From Monday 24 January, Porirua City is at the red setting of the traffic lights protection framework. This means some changes to the way we work and live, as protections are in place to help minimise the spread of Covid-19 in the community. Find out more
The Kenepuru interchange is a partial interchange. From Kenepuru Drive, traffic can use the interchange to head north or south on Transmission Gully. Traffic travelling southbound from the north on Transmission Gully can also access Kenepuru Drive through the interchange.
Traffic travelling north from Wellington won’t be able to get off at the Kenepuru Drive interchange. Instead, traffic will remain on the existing SH1 and use the Mungavin Bridge exit as it currently does.
Originally a full interchange was planned at this location however an independent safety audit highlighted significant safety concerns about the proposed northbound off-ramp. Numerous interchange designs were developed but none could satisfactorily address the safety auditors’ concerns, and with the agreement of the NZ Transport Agency (NZTA) and Porirua City Council, the northbound off-ramp was deleted.
As a part of the interchange there is a new link road that bridges the existing SH1, the North Island main trunk railway and Porirua Stream, connecting the interchange on Transmission Gully with a new roundabout on Kenepuru Drive.
You can check out this NZTA aerial overview (YouTube) of the Kenepuru Interchange, where it fits within Transmission Gully and where the link road joins into Kenepuru Drive.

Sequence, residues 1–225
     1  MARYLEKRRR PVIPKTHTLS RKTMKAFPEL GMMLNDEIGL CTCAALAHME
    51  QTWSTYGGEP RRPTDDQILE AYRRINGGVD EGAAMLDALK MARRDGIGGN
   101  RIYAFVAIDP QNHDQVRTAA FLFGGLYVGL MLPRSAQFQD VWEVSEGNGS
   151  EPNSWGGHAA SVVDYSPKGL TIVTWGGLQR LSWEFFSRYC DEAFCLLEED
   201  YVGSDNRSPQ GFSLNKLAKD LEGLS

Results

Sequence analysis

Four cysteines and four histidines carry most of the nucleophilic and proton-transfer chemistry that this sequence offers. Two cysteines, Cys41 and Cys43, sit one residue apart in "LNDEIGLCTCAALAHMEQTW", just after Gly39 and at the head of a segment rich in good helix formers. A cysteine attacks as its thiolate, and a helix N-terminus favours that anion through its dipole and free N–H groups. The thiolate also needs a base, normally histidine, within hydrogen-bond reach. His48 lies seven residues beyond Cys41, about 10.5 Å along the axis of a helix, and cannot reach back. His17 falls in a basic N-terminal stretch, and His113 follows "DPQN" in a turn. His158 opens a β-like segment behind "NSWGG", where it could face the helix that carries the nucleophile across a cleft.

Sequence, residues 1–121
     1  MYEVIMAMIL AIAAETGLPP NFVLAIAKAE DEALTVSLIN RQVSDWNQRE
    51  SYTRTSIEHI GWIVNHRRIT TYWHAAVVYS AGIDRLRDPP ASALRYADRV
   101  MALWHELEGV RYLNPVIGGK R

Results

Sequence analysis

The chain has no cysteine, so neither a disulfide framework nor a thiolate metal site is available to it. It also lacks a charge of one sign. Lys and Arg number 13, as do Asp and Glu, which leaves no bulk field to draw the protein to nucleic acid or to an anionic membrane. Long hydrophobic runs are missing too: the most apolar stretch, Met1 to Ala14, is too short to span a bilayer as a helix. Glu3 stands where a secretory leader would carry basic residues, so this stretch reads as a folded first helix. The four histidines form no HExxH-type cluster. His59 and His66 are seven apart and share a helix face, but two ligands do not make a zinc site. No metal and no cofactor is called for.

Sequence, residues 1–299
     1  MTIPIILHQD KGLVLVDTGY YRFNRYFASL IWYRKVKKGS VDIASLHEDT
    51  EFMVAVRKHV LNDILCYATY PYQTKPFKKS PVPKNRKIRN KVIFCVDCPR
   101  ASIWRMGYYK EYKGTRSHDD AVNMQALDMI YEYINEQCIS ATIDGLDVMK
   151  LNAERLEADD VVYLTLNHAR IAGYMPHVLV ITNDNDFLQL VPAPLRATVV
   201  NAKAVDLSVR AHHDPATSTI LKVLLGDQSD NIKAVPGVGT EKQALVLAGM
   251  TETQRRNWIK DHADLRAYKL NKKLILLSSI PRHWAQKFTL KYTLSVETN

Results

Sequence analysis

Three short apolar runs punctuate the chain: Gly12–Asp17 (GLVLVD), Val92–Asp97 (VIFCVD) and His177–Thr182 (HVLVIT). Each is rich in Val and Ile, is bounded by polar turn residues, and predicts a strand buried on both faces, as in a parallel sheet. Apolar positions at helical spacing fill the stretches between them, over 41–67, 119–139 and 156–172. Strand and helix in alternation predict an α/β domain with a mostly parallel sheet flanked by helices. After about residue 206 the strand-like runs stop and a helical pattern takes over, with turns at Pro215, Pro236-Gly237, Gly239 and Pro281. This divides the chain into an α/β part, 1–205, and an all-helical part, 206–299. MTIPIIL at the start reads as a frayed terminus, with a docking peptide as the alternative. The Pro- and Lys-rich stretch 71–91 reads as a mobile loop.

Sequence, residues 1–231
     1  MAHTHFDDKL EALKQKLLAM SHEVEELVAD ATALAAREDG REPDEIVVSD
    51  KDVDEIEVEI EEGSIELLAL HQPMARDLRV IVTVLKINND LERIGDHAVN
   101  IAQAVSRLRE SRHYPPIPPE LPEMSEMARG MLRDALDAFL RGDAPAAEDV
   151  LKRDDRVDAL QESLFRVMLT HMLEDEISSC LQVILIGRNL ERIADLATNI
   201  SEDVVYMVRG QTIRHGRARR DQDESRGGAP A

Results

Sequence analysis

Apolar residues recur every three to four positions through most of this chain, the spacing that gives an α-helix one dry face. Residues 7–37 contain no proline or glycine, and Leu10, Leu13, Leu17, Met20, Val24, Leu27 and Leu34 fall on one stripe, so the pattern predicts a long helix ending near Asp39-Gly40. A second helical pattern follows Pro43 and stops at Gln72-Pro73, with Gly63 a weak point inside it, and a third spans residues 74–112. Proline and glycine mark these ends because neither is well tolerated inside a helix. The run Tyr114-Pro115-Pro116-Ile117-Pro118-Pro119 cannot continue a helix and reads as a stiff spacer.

Traffic modelling undertaken by the NZTA to understand the effects of the change to the Kenepuru interchange predicted only minimal increases in traffic volumes (e.g. 180 extra vehicles at the morning peak) following the opening of Transmission Gully, which will not adversely affect the operation of the Titahi Bay Rd roundabout opposite Kenepuru Drive.
However, given what we now know about the Kenepuru Landing development and the proposed Adventure Park, the Council is undertaking further investigations to see what the impact will be in terms of more traffic, trucks, cyclists and pedestrians, and how to best manage vehicle and people movements in the area.
We are currently working on an Integrated Transport Study for the city which will identify transport issues and how we can address these. It’s not just about traffic numbers, it’s about how people move around and get to the places they want to go to; whether that’s customers visiting businesses, parents dropping off children to school, people commuting to and from work, or trucks accessing the Spicer Landfill or the other commercial and industrial businesses at Kenepuru, Broken Hill and Elsdon.
Council’s District Plan consultation is ongoing. One of the issues being looked at is how the interchange will connect into the existing transport network and how the community will move around, within the context of the projected growth and development of the city. An informal draft District Plan will be released in October 2018 for feedback and comment.